It was a happy day for the good people of the UN World Food Programme (WFP) when Simon Cammelbeeck, country director of World Food Programme-Zambia, waved off a convoy of trucks carrying 900 tons of humanitarian relief maize to Malawi and Zimbabwe.
Joining him at the convoy’s ‘start line’ and waving the Zambian flag was Patrick Kangwa, permanent secretary of Zambia’s Disaster Mitigation and Management Unit which falls under the office of the Vice President of Zambia. The trucks set off from the Mwembeshi depot of the Food Reserve Agency in Zambia
Readers might recall past stories carried in FleetWatch where we outlined the concern of the UN WFP of the effects of the El Nino weather pattern on food security in the southern African region. The WFP stated that an estimated 13 million people are facing hunger following prolonged dry spells that led to a poor harvest last year.
Worst affected in the region by last year’s poor rains are Malawi (2.8 million people facing hunger), Madagascar (nearly 1.9 million people) and Zimbabwe (1.5 million) where last year’s harvest was reduced by half compared to the previous year because of massive crop failure.
WFP is the world’s largest humanitarian agency fighting hunger worldwide, delivering food assistance in emergencies and working with communities to improve nutrition and build resilience. Each year, WFP assists some 80 million people in around 80 countries.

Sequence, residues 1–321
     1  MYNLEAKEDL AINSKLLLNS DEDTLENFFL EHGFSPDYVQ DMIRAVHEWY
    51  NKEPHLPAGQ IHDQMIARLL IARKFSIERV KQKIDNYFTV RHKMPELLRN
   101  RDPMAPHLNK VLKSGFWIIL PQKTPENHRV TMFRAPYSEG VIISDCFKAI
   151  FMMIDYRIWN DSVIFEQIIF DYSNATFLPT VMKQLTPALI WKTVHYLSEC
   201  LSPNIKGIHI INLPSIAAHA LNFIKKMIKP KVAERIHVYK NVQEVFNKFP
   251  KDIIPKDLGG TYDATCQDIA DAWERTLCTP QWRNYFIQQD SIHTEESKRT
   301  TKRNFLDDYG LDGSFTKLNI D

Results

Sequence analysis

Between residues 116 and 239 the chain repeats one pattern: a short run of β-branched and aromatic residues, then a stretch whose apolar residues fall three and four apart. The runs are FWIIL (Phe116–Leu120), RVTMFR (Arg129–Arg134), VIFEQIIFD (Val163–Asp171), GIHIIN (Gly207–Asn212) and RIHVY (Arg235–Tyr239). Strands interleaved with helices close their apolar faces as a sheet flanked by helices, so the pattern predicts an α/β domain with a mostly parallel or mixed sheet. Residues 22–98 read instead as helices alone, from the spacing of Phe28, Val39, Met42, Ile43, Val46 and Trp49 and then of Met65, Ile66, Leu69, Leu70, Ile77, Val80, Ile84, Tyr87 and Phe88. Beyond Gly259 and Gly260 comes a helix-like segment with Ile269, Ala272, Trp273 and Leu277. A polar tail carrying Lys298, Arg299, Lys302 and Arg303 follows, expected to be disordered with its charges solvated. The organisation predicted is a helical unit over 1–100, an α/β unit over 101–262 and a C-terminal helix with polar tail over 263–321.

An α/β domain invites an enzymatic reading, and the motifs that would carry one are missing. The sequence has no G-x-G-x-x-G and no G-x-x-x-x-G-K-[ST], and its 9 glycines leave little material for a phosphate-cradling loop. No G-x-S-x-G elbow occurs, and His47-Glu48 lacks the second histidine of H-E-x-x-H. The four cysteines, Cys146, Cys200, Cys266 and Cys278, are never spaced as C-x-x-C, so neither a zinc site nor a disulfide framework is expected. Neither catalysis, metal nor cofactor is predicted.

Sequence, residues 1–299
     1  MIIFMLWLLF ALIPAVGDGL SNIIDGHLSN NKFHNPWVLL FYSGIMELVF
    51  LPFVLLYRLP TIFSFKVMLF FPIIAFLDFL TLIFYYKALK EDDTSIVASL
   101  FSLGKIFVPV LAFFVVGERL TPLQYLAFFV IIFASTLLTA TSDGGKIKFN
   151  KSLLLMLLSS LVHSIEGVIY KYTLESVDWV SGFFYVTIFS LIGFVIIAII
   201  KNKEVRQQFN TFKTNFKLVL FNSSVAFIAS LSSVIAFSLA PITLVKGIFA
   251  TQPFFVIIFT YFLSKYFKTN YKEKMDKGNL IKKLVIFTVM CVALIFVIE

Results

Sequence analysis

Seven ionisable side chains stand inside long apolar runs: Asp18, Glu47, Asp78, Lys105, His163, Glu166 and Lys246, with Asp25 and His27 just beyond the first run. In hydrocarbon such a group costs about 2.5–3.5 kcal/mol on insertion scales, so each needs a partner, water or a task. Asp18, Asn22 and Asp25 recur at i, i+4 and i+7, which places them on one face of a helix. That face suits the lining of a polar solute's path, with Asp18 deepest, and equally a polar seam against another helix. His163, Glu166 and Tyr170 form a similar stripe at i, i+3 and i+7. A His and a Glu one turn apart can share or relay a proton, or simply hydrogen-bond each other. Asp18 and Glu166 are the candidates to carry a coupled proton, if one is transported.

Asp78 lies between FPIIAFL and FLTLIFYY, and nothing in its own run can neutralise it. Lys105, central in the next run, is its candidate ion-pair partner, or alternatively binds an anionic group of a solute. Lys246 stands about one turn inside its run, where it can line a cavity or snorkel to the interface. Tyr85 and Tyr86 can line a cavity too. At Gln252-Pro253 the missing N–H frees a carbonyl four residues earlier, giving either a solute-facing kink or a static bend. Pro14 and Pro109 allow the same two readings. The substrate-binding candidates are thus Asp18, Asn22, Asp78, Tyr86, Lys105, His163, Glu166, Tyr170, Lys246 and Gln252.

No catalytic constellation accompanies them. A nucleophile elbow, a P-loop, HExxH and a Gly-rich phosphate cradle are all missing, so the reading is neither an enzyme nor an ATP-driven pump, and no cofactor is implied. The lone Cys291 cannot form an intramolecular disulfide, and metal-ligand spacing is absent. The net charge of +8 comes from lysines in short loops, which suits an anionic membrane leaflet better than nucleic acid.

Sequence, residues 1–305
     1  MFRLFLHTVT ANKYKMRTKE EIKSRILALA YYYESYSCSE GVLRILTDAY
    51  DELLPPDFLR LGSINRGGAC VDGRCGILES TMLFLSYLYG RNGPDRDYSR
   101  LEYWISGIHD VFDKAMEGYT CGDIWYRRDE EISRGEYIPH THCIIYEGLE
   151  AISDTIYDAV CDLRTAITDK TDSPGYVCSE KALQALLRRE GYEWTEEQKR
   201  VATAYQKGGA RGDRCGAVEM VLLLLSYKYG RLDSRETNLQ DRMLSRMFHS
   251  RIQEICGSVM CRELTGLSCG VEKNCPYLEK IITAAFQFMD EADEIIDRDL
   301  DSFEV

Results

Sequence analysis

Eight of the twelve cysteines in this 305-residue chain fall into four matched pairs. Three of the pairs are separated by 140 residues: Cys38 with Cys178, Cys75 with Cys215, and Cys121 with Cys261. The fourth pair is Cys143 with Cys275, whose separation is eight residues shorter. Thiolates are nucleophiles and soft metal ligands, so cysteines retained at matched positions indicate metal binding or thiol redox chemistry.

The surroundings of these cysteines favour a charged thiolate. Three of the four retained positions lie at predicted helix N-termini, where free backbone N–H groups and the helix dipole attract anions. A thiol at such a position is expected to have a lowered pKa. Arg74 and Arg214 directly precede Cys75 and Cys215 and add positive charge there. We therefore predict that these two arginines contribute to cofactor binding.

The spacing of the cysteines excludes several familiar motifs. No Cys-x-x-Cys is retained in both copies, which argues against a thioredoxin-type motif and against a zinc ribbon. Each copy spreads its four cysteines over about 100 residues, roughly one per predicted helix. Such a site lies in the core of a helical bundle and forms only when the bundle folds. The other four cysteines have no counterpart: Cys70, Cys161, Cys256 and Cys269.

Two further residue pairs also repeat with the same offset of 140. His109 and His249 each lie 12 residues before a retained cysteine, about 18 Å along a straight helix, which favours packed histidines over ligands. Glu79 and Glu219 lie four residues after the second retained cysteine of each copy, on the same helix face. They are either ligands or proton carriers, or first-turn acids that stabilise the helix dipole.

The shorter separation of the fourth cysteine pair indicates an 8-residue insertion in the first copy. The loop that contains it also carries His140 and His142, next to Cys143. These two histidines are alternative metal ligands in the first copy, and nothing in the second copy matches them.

Prior to the convoy setting off, Cammelbeeck gave a speech in which he gave credit, first and foremost, to Zambia’s farmers for their hard work and secondly to the government of Zambia for its stewardship of the agricultural sector.
“Together, farmers and Government have established this country as a grain basket of southern Africa and currently the only country in the region with a maize surplus,” he said.
He added that the success of Zambian agriculture has arguably never been as important as it is this year when southern Africa faces its worst drought in 35 years and 13 million people across the region face a food crisis. “They need the cargo of these trucks most urgently. This food is vital to the lives of millions of people, especially women and children,” he said.
Funding for this food assistance has come from 12 countries, the largest portion directly from the Government of Malawi with financial support from the IMF. Other important donors include the USA, Sweden and the Netherlands.
He also paid tribute to the magnanimous gesture made by Zambia given that Zambia itself has not been spared from the drought. “One million Zambians are also in need of assistance before the next harvest and we fully appreciate that the high demand for maize in the region has obliged the Government of Zambia to introduce measures to control exports so as to ensure Zambia’s food security.
“However, rest assured that the maize that flows through this humanitarian window will go to those who need it most and who need it now, because they already have nothing,” said Cammelbeeck who then wished the truck drivers a safe journey as they set off for the Chirundu and Mwami borders.
FleetWatch lifts its hat to all parties involved in this magnificent show of support for the people who are suffering in the SADC region. It really serves to uplift the heart. As for the truckers, well…without you guys, none of this would be possible. We salute you!